What Is Hospice, And How Does It Help?

I mentioned in an earlier post that I currently receive hospice care. As a severe ME patient, I know how lucky that makes me. I know the vast majority of people who have this condition like I do are left stranded with no care at all. I’ve been there myself, and it’s a terrible place. I am incredibly lucky to be receiving my current level of care, and I long for the day when all ME patients, regardless of severity level, have access to health care as wonderful as mine.
For those who may not be familiar with the concept of hospice, I wanted to explain. Generally speaking, hospice is a special service that gets called in to care for people whose doctors sign a form stating they may have six months or less to live. This care usually takes place at home, although occasionally hospice patients may stay in a specialized facility for short periods of time (sometimes this is done to give family and other routine carers a few days’ rest). In my case, all care is provided at home, since being transferred to and placed in a facility of any type would be sheer torture, and could end my life in and of itself.

Let me take just a moment here to say, hospice is awesome! This is a group of people who give all they have to make end of life care the best that it can be. They truly love their patients, often allowing a strong bond to form despite knowing the person will die soon. Hospice teams specialize in palliative care – that is, care which focuses purely on making a patient more comfortable when a cure is no longer possible. Some individuals are under the misconception that hospice workers hasten death. This just isn’t true (not to mention it’s illegal). They will not hasten death, but they also understand there may come a time when someone is so ill they no longer desire life sustaining measures (oxygen, feeding tubes, etc), and they will withhold these things without making the patient feel guilty if it is truly what a patient desires. Thus, hospice workers can be a welcome respite for a dying person, who finds they can be open with their case workers about stuff most healthy people cannot understand.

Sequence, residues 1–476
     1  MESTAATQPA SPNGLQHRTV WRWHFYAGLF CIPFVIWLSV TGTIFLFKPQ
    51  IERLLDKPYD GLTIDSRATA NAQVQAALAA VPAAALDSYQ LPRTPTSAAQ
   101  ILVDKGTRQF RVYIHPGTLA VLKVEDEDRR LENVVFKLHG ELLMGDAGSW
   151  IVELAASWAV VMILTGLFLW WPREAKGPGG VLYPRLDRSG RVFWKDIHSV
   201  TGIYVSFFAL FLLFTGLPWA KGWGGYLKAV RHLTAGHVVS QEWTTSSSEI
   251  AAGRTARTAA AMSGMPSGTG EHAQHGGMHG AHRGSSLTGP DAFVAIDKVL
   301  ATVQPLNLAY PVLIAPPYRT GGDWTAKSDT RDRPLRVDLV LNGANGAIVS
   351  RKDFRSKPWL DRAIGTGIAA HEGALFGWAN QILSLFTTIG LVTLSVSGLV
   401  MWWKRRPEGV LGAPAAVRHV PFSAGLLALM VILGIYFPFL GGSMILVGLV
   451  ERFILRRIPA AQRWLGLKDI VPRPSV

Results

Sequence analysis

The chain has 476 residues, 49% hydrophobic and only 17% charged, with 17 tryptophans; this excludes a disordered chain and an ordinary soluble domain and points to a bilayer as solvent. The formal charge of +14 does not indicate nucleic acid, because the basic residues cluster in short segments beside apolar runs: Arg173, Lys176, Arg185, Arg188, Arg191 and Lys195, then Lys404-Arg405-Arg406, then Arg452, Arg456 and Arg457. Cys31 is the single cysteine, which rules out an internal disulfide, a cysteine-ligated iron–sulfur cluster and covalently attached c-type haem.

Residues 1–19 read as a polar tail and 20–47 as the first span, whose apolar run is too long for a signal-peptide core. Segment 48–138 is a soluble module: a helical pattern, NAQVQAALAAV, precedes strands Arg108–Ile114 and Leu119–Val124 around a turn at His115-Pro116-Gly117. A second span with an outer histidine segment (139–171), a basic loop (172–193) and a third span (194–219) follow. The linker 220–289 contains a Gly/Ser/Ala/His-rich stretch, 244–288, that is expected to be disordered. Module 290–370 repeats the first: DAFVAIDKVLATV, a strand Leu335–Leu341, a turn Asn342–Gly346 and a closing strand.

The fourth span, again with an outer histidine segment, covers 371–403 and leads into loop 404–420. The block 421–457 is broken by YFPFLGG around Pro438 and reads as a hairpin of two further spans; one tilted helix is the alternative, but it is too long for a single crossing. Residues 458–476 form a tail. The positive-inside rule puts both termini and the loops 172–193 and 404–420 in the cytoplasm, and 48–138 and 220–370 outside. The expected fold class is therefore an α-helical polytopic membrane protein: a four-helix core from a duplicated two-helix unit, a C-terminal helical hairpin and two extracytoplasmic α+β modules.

One way in which hospice care is greatly undervalued is the way in which they help the patient’s family. Not only does hospice specialize in helping smooth the process when it comes to the practical issues of dying (living will, power of attorney, any special funeral wishes, etc), they also have social workers who specialize in helping loved ones deal with the stress of caring for a severely ill person, as well as the grief after that person is gone. I know my husband has benefitted tremendously from having a listening ear – someone who understands what he’s going through and can offer non-judgmental compassion and advice. This also helps me, as it makes me feel better knowing my husband has a solid support system in place. Caring for someone with severe ME is particularly trying, so I’m glad he has someone to talk to who understands.